2 Boston-area hospitals are closed, delaying care for some patients

A Boston suburb is experiencing long ambulance wait times after severe flooding closed its hospital in 2020 and a transformer fire shut down a nearby suburb's hospital in February 2023. 

The residents in Norwood, Mass., now have "significantly longer" transport times, Jim Wright, the city's interim fire chief, told NPR station WGBH

Signature Healthcare, the Brockton, Mass.-based system that owns the hospital that caught fire, recently opened two urgent care sites to help mitigate the gap in healthcare. But because Norwood was already waiting until 2025 for its new hospital after the flood, the strain on the community has only amplified in the past few weeks, according to the local news outlet.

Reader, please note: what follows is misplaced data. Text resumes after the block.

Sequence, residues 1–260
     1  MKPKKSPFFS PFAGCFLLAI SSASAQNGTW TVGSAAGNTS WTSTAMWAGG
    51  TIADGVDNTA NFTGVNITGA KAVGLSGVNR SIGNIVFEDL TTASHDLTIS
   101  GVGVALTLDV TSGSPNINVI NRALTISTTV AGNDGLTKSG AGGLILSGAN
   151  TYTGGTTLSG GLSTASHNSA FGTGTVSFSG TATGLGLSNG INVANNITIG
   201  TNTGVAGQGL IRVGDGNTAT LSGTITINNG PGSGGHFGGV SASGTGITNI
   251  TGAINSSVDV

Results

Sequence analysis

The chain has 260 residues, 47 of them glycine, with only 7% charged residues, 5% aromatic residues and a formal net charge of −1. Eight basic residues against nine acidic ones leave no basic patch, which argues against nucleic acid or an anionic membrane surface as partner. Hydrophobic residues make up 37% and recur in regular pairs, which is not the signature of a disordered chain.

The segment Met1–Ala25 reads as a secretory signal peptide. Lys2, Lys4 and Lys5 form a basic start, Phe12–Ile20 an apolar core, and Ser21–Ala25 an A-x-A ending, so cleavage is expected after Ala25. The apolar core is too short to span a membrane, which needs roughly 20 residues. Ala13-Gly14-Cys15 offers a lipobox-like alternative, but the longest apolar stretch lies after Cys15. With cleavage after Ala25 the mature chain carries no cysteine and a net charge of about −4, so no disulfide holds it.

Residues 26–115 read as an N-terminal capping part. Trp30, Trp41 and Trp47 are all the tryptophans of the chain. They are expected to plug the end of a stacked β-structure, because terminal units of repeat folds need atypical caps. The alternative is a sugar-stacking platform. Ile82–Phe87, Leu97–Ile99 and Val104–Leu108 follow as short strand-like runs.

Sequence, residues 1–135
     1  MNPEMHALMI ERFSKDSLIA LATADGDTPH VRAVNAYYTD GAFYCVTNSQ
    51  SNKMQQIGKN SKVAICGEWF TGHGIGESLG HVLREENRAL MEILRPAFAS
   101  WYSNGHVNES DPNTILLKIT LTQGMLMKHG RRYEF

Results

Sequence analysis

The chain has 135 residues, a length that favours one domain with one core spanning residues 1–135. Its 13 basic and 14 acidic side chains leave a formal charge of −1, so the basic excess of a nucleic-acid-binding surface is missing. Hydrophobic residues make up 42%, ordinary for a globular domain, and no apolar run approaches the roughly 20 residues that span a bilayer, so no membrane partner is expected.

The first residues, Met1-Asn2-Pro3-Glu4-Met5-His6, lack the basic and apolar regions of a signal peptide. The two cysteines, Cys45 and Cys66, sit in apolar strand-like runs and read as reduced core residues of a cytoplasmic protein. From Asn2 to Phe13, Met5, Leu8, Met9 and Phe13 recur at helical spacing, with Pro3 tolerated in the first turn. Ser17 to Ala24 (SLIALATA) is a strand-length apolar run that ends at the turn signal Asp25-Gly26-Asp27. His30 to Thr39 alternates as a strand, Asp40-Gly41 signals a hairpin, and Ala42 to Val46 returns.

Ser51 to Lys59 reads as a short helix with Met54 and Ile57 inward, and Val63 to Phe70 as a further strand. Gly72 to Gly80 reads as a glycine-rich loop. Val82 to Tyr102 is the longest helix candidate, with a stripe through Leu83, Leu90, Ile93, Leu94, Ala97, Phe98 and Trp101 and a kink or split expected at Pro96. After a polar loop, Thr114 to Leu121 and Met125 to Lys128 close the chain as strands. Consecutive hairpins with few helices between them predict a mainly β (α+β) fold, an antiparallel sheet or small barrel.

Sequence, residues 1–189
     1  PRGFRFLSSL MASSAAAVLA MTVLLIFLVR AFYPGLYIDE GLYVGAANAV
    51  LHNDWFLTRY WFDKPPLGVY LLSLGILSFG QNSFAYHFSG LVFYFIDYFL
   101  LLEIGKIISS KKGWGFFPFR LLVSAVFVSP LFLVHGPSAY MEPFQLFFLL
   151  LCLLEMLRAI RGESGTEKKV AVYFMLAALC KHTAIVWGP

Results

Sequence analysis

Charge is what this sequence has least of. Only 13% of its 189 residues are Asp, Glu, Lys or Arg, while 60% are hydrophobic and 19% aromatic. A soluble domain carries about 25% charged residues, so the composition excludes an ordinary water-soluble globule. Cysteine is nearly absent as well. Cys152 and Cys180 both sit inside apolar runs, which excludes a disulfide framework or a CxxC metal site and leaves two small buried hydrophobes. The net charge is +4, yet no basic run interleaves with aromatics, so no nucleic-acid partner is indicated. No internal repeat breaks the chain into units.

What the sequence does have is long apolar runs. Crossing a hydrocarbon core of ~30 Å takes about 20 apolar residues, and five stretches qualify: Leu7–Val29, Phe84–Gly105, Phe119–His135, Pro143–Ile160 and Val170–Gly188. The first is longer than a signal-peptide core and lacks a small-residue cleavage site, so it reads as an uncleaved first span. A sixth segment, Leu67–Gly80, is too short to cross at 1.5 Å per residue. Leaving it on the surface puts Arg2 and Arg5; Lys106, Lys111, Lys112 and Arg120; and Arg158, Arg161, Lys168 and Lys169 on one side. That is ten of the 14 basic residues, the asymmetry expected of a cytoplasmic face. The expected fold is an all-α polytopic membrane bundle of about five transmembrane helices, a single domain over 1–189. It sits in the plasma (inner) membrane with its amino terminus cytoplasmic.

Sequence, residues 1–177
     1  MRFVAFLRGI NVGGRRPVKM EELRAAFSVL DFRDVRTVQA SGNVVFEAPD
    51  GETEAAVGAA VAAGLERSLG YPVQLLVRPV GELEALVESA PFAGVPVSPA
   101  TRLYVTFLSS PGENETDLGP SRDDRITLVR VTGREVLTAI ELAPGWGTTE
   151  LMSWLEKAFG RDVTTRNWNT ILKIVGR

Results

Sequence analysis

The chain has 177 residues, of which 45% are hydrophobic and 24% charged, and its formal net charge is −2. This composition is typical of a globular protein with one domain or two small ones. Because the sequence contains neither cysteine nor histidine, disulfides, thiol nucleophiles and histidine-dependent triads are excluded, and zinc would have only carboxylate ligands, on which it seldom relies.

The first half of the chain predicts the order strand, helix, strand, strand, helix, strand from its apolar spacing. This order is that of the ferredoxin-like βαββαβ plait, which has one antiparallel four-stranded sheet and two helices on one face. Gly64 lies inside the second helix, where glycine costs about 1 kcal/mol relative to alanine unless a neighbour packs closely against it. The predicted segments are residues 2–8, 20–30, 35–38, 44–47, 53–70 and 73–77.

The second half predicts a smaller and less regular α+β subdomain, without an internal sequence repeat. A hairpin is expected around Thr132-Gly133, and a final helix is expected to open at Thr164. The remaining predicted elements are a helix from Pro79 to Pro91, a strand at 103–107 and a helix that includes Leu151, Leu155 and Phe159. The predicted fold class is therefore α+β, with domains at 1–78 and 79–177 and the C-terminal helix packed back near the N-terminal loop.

Despite gathering help from surrounding cities, Norwood's ambulances are often stuck out of town because of their longer transport times to Beth Israel Deaconess Hospital-Needham, Good Samaritan Medical Center in Brockton and hospitals in Boston, WGBH reported. 

"We would like it if our citizens could get to the hospital in two minutes rather than 15 or 20 minutes, but there is nothing we can do until the hospital is built," Mr. Wright told WGBH.

The inpatient unit at Brockton Hospital is expected to recover from the 10-alarm fire and reopen this summer, and after breaking ground in 2021, Steward's new Norwood Hospital will have a steel frame in the next two to three months, according to the report.

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